Canada Visas for highly-skilled foreign workers in construction

Canada’s Building Trades Union (CBTU), which represents more than half a million Canadian construction workers, has presented proposals to a federal parliamentary committee that’s reviewing the Temporary Foreign Worker Program (TFWP). Under the proposals there would be more foreign nationals working in highly-skilled construction jobs.

The TFWP allows Canadian employers to recruit foreign nationals for the purpose of filling temporary labour and skills shortages when citizens or permanent residents of Canada are unavailable. Bob Blakely, the Canadian operating officer with CBTU, said: “There are some very legitimate uses for temporary foreign workers (TFWs), simply because of the demographic issue we have with 36 million people in the country.”

“We don't have enough people in high-skilled trade streams, during things called shutdowns and outages as well as some peaks of construction activity,” Blakely added.

Blakely says that an outage occurs ‘when an industrial facility is shut down for a duration of 42 days.’ According to Blakely, a shutdown is a ‘planned period of downtime for facility maintenance, which involves stripping a facility apart and putting it back together again to get the facility fully operational.’

Rolling the dice for highly-skilled workers

Commenting on a shortage of highly-skilled construction workers, Blakely said: “It's like rolling a dice in terms of whether or not we will get the high-skilled workforce from the domestic labour pool that is needed over a 42-day period to cover an outage.”

“We end up getting people from countries like the United States and Ireland. We get people whose skills have been previously assessed and can function in a high-skilled, high-stress and relatively dangerous job. They will be doing an equivalent job to a Canadian,” he added.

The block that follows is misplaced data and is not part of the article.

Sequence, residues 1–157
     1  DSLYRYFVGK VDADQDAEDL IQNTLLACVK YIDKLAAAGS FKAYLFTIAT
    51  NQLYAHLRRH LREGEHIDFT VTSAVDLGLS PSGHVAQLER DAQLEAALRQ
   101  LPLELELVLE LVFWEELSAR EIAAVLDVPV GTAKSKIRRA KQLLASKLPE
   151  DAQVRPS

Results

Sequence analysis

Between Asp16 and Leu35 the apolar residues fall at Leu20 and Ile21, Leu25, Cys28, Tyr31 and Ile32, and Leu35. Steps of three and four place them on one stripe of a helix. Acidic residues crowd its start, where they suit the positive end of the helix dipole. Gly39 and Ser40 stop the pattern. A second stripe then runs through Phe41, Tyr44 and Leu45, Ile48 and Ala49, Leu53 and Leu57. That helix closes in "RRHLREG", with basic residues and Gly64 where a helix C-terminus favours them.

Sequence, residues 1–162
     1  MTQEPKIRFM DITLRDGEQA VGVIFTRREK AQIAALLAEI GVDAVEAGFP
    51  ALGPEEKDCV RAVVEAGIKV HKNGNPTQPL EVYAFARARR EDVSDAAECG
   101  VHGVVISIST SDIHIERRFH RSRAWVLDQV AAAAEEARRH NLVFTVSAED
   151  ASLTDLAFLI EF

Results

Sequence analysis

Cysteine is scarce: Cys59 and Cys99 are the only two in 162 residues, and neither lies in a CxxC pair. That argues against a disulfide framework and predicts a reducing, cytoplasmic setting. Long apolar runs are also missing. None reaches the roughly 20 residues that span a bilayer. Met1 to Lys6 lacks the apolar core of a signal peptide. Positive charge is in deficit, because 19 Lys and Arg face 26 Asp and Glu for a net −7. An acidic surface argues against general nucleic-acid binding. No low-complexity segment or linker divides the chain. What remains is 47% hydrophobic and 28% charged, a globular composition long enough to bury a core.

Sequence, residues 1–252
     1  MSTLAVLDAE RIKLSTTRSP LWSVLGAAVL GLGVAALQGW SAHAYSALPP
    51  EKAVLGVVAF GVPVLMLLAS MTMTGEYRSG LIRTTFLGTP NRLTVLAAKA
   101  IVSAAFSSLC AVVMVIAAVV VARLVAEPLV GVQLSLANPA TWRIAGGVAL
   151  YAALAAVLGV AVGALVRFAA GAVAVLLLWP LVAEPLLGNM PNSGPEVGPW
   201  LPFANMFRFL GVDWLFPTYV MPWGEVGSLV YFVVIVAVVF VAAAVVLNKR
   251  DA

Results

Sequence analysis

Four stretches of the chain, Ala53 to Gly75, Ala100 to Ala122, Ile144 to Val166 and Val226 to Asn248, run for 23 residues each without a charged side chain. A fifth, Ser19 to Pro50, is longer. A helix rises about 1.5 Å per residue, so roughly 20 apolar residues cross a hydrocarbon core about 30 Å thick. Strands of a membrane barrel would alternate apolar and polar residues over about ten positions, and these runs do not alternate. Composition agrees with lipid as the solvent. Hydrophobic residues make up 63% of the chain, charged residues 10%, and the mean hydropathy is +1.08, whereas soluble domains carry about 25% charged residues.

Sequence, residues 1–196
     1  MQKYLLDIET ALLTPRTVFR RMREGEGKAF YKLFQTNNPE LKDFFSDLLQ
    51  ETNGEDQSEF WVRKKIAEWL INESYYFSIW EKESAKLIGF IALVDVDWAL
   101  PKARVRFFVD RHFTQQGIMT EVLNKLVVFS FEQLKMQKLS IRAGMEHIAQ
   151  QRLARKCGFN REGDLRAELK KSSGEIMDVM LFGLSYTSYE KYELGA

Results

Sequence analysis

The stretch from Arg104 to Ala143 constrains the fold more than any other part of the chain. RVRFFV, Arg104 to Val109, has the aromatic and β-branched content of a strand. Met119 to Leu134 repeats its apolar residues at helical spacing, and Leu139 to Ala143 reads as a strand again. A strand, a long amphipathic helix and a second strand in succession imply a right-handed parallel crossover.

According to an article published by Canada’s Daily Commercial News, on May 18, 2016, the CBTU gave testimony at a House of Commons Standing Committee on Human Resources, Skills and Social Development and the Status of Persons with Disabilities (HUMA). The HUMA committee is understood to be involved in the TFWP review process.

During its testimony, the CBTU said that the Temporary Foreign Worker Program plays an integral part in Canada’s economy by helping to temporarily meet demand for highly-skilled personnel when there is a notable shortage of domestic workers who are qualified for specific construction jobs.

Concerns about TFWP

According to the Daily Commercial News article, one of the biggest problems with the TFWP occurred as a ‘result of a rapid expansion in the number of low-skilled workers under the previous Conservative government.’

As a consequence, other problems have surfaced including wide-spread abuse of the program by contractors, such as labour code, employment standards and human rights violations. Plus, low wages, illegal brokers, employer fraud and the loss of jobs among Canadian workers, have also become an issue.

Suggestion that TFWP use to increase training opportunities for Canadians

In order to tackle the problems of the TFWP, the CBTU has recommended that the program be used to ‘increase training opportunities for Canadian workers.’ The CBTU says that this could be achieved by ‘requiring employers to open up an apprenticeship spot for a Canadian when a TFW, with a journeyperson’s qualification in the skilled trades is permitted, to enter the country.’

During the May 18 hearing, Chris Smillie - senior advisor, government relations and public affairs with the CBTU - said: “We think companies, as part of the commitment to the Canadian economy, should hire an apprentice as part of this transaction.”

Smillie added: “If the company cannot — due to scale, size, or logistical challenge — a fee of perhaps $10,000 could be paid by the company to the receiver general. These funds could then be used for an appropriate labour market information system or placed in the Canada job grant system or a similar training infrastructure fund.”

In Smillie’s opinion, any employer who fails to commit to these options and shows an unwillingness to participate in the Canadian training system, should be denied a TFW permit.

Blakely said: “If you are not contributing to the pool of workers in Canada and you have to go and seek a workforce from somewhere else, what have you done to help? If you haven't trained anybody aren't you part of the problem?”

Blakely alleges that any employer who isn’t committed to training is relying on a bailout or subsidy from the Federal Government via the TFWP. Employers who do this are gaining a competitive advantage over their rivals by being allowed to hire overseas workers who are forced to work for lower pay than their Canadian counterparts, according to Blakely.

The CBTU’s says that the TFWP should not replace a permanent immigration system. Additionally, the ‘increasing dependence of the Canadian economy on the TFWP should be reduced via an increase in mobility of the Canadian workforce and training Canadians in the skilled trades,’ the CBTU said.

The HUMA committee’s review of the TFWP was expected to be issued at the end of June. However, the final report is still pending.